Artículos de revistas
Phenotypic plasticity of composite beef cattle performance using reaction norms model with unknown covariate
Animal, v. 7, n. 2, p. 202-210, 2013.
Universidade Federal de Mato Grosso
Universidade de São Paulo (USP)
Empresa Brasileira de Pesquisa Agropecuária (EMBRAPA)
Universidade Estadual Paulista (UNESP)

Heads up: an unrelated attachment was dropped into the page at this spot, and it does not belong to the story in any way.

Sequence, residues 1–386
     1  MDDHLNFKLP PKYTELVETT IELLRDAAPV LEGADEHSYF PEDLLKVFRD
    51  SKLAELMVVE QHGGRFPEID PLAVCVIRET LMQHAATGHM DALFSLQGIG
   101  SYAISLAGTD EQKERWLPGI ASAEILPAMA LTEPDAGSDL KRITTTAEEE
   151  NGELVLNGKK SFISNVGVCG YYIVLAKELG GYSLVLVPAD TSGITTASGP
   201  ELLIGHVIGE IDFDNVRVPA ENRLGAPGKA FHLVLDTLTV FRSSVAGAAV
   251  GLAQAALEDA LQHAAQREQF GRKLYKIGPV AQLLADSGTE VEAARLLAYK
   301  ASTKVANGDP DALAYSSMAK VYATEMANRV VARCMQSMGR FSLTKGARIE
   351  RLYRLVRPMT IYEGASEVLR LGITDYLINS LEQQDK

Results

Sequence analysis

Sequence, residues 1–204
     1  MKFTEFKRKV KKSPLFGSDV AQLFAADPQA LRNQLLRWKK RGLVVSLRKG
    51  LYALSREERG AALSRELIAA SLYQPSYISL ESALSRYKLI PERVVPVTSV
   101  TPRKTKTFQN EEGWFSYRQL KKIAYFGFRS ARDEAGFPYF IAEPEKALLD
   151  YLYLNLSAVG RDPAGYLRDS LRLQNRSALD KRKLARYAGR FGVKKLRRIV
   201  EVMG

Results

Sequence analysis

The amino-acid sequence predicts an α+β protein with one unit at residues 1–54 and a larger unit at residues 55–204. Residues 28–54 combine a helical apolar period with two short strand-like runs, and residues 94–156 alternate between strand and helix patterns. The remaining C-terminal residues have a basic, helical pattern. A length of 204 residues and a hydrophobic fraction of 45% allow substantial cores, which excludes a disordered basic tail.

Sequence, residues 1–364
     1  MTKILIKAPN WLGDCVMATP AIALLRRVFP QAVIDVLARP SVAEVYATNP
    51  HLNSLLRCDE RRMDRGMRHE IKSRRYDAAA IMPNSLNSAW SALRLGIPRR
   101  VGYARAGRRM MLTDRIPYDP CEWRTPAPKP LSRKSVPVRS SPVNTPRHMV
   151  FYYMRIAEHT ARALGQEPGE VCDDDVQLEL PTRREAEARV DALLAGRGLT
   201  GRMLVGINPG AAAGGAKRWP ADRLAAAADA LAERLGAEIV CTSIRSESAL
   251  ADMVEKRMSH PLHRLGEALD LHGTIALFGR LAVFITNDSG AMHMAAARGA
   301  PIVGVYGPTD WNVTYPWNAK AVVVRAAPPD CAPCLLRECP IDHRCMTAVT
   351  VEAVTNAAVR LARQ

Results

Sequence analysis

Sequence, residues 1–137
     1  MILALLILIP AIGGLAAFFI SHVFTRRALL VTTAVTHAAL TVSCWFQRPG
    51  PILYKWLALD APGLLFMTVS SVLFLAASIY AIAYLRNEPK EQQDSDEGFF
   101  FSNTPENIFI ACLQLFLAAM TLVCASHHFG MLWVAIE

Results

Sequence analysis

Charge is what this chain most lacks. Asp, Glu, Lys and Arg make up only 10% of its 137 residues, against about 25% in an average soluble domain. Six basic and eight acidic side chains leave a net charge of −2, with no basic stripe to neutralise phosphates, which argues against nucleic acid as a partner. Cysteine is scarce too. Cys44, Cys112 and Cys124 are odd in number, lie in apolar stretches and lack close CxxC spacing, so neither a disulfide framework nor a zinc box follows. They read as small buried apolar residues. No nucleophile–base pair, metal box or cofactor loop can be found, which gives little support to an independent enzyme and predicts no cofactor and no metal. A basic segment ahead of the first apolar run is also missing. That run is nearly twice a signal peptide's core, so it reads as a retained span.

The objective of the present study was to determine the presence of genotype by environment interaction (G × E) and to characterize the phenotypic plasticity of birth weight (BW), weaning weight (WW), postweaning weight gain (PWG) and yearling scrotal circumference (SC) in composite beef cattle using the reaction norms model with unknown covariate. The animals were born between 1995 and 2008 on 33 farms located throughout all Brazilian biomes between latitude -7 and -31, longitude -40 and -63. The contemporary group was chosen as the environmental descriptor, that is, the environmental covariate of the reaction norms. In general, higher estimates of direct heritability were observed in extreme favorable environments. The mean of direct heritability across the environmental gradient ranged from 0.05 to 0.51, 0.09 to 0.43, 0.01 to 0.43 and from 0.12 to 0.26 for BW, WW, PWG and SC, respectively. The variation in direct heritability observed indicates a different response to selection according to the environment in which the animals of the population are evaluated. The correlation between the level and slope of the reaction norm for BW and PWG was high, indicating that animals with higher average breeding values responded better to improvement in environmental conditions, a fact characterizing a scale of G × E. Low correlation between the intercept and slope was obtained for WW and SC, implying re-ranking of animals in different environments. Genetic variation exists in the sensitivity of animals to the environment, a fact that permits the selection of more plastic or robust genotypes in the population studied. Thus, the G × E is an important factor that should be considered in the genetic evaluation of the present population of composite beef cattle. © The Animal Consortium 2012.